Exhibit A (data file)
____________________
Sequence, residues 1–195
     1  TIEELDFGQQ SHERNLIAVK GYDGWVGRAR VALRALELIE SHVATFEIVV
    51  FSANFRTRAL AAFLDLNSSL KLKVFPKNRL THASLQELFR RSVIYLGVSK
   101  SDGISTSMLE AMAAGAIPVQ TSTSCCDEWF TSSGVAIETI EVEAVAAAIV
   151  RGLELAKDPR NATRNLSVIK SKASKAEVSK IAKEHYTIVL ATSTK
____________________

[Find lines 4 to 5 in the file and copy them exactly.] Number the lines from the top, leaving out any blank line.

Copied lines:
   101  SDGISTSMLE AMAAGAIPVQ TSTSCCDEWF TSSGVAIETI EVEAVAAAIV
   151  RGLELAKDPR NATRNLSVIK SKASKAEVSK IAKEHYTIVL ATSTK